The year was 2014.
It was January and the running conditions couldn’t have been any worse. My sisters had just begun their training for their first 50k, and I decided to tag along for their weekly running sessions. Obviously I couldn’t be the one sister lying on the couch while they were out doing more important things - so I joined them. And yes, I also signed up for the 50k trail race. None of us had ever called ourselves runners before - don’t ask me why we decided on a 50k rather than a 5 or 10k like normal people… For as long as I can remember, running had only been something I forced myself to suffer through once every six months or so just because “one was supposed to run.” I hated it every time. But running together with my sisters, preparing for a goal that seemed crazy - who even runs 50 kilometers?! - lit a spark in me.
(We all finished the race in June 2014. The spark that running had lit in me before now exploded and completely took over my whole world.)
During the spring of 2014 I slowly started making my way into this whole new world called ultra trail. I had no clue what terms like intervals, threshold or heartrate meant. And it didn’t matter, I was just running. And I loved it. As time passed, I slowly started learning more and more about these terms - but prestige was never a thing. I started exploring the trails around my city. Which areas are good for hill repeats? I also did lots of research online. Watched this crazy girl called Emelie Forsberg running down a mountain trail. I wanted to be like her!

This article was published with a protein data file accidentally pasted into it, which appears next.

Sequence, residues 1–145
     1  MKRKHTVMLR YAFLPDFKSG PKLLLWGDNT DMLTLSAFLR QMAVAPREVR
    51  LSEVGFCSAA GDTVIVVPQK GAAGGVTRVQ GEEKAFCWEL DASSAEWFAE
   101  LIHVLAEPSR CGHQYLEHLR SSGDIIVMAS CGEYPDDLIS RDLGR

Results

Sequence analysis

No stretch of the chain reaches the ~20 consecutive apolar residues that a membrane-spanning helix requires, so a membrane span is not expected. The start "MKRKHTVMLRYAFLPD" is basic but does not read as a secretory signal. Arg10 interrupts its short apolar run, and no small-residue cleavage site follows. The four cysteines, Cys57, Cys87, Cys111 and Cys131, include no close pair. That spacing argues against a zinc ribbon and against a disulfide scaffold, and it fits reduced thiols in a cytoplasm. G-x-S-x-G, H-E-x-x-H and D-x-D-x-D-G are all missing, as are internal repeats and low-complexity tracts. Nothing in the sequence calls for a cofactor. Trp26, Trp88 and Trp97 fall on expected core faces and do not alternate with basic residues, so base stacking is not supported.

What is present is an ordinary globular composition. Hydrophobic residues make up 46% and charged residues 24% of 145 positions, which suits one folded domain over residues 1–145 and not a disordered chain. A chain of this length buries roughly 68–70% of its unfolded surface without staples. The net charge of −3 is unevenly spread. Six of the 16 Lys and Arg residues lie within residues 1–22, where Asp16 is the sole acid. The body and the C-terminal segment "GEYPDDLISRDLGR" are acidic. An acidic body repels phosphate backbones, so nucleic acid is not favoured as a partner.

Who would have thought that running would become such a big part of my life. And it didn't just become a big part - it became my whole life. Since then I've ran countless races 50k and longer (and shorter!) and seen many parts of the world in a pair of running shoes. Met so many amazing people. I took a course to become a certified running coach and started coaching outdoor group trainings, both running and functional strength training. That last thing is something I never thought I would do - me? Coaching others? What do I know about running, really? But my passion fueled my eager to learn, so gradually I accumulated more and more knowledge about coaching others - and thus I also became more confident in my role as a coach.
Now, 5 years later, I sometimes look back at the early days and miss the feeling I had back then. Feeling like everyday is an unknown adventure. What am I going to learn today? What new trail will I discover? And what am I going to learn about myself?
It's different now. Not worse in anyway, just different. Like a butterfly breaking out of its cocoon. And I guess it's a constant process, a constant effort - just like you shouldn't take your beloved for granted after that first falling in love-phase, I've learned not to take running for granted after our extended honeymoon. Especially now that I am injured, I view the concept of running from an entirely different perspective. And I think that that’s one of the truly good things that will come out of this chapter of my life - that I will be more grateful for being able to run at all, enjoying each step a little more, and enjoying the suffering when I am tackling a tough uphill - because I can.
Our honeymoon may be over, but if Mr. Running and I have promised each other one thing, it’s this: ‘til death do us part.